Kobayashi Kazuo is the director of the Origami Kaikan (Origami Center) in Tokyo, and for more than 30 years has traveled abroad to teach origami. He starts people with something basic that can be made with just five folds. “When Japanese people think ‘origami’ they probably think of the folded crane. But I don’t teach it. It’s too difficult. For one thing, it requires about 20 folds. And you need to know all of the basic origami techniques to make it. If it’s difficult, people won’t want to make it. I want people just to enjoy doing origami.”
Kazuo has traveled the world doing just that, including the United States, Russia, Brazil and Thailand. In 2006, as many as 170,000 people came to watch his demonstrations during a 3-day exhibition.
“The tea ceremony, flower arrangement, kabuki and other elements of Japanese traditional culture are admired outside Japan, but the easiest one to relate to is origami. All you need is a single sheet of paper. When people see how easy it is, their eyes light up.” Kazuo says he will keep using origami to help people from other countries discover more of the fascination of Japanese culture.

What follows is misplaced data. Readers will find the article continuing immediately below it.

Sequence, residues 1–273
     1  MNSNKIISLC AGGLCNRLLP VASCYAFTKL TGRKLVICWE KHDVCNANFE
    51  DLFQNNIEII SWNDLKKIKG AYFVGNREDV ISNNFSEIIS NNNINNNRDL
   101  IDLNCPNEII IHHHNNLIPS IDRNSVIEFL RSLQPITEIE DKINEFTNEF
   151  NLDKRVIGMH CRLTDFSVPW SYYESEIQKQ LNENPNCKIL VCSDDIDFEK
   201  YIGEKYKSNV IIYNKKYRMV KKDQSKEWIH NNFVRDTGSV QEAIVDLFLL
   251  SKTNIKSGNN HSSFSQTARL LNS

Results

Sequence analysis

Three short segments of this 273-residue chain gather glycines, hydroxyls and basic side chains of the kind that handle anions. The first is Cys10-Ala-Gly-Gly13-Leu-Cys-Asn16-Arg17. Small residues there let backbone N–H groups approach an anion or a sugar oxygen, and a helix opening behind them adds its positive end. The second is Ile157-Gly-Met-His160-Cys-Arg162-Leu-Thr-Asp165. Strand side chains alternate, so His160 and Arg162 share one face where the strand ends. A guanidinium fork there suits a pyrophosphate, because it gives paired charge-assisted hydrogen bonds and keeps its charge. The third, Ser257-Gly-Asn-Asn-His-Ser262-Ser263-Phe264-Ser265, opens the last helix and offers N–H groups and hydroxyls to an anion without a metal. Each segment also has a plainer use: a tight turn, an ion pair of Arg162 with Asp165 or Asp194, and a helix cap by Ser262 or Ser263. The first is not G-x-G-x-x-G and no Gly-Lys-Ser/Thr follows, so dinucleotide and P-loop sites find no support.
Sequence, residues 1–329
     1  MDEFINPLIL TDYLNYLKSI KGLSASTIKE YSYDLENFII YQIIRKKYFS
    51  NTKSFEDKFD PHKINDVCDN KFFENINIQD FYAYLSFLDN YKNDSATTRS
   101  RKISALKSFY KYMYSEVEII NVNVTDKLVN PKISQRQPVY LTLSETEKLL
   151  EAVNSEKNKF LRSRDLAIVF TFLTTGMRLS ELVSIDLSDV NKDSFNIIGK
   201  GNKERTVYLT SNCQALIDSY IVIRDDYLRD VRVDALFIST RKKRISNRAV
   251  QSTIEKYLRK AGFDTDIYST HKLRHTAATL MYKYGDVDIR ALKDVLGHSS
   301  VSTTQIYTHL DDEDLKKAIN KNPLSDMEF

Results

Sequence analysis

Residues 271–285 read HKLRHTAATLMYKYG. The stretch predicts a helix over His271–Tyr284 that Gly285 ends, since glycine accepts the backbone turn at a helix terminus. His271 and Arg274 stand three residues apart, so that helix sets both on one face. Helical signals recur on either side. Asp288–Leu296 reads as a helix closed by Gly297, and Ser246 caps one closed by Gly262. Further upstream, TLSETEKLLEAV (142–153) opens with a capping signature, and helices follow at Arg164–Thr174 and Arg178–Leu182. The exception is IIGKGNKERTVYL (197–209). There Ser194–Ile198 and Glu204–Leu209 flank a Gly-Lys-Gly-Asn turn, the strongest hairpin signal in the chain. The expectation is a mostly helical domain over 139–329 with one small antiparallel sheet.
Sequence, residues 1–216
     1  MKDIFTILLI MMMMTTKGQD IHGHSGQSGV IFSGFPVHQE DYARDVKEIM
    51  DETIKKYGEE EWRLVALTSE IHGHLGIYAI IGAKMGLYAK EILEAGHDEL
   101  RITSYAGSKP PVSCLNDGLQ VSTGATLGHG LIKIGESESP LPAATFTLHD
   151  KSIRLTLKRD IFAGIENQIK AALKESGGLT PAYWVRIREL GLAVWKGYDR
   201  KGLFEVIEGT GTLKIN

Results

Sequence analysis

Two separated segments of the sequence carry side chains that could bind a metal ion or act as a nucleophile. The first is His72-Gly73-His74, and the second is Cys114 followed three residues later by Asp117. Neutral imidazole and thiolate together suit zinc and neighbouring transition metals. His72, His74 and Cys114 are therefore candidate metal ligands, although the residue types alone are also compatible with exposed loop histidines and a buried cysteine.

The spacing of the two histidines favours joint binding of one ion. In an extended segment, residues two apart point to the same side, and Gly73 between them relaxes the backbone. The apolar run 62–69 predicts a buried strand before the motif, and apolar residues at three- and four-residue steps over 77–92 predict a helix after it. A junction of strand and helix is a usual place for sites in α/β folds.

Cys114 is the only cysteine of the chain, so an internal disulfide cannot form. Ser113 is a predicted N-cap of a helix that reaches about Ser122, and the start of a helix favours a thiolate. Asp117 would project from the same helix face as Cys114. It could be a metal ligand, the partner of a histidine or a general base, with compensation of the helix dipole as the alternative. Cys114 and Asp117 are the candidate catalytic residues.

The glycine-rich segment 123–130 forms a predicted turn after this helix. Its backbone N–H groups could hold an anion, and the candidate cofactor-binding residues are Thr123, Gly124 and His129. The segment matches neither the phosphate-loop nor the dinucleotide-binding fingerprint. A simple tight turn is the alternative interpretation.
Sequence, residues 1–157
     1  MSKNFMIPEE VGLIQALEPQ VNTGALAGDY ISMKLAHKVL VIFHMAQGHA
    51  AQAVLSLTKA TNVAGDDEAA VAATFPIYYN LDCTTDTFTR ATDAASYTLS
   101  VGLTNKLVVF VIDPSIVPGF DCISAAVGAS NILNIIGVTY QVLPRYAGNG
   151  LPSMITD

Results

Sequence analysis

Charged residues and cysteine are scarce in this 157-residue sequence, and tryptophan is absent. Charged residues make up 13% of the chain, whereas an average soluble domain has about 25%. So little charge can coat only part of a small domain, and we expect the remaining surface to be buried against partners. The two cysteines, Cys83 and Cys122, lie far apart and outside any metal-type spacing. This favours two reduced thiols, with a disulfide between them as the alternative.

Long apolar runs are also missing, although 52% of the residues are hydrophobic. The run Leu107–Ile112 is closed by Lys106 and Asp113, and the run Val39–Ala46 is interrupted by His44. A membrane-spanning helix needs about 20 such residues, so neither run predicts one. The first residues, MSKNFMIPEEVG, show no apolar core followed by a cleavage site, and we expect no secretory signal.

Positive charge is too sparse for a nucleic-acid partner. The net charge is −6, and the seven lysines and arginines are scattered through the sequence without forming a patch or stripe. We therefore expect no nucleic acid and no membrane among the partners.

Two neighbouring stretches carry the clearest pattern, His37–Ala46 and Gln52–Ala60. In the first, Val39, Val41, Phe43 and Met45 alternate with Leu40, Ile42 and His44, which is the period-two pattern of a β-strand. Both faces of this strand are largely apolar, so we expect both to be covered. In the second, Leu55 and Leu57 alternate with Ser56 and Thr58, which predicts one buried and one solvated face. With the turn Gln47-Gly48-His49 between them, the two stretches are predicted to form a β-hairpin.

Shingu was born in Omuta city, Fukuoka prefecture, Japan in 1953. After graduating from a design college, he moved to Tokyo. In 1984, he founded CITY PLAN Co., Ltd. and worked with graphic design. His “JOYD” products were popular and sold at venues like Toys R Us, Tokyu Hands, and Loft. Fumiaki’s clients extend abroad to places like New York and Paris. In 1998, Shingu presented new “JOYD” series which featured origami.
Finally, Origami Club was created in 2002. (See here for details from the Origami Club website.)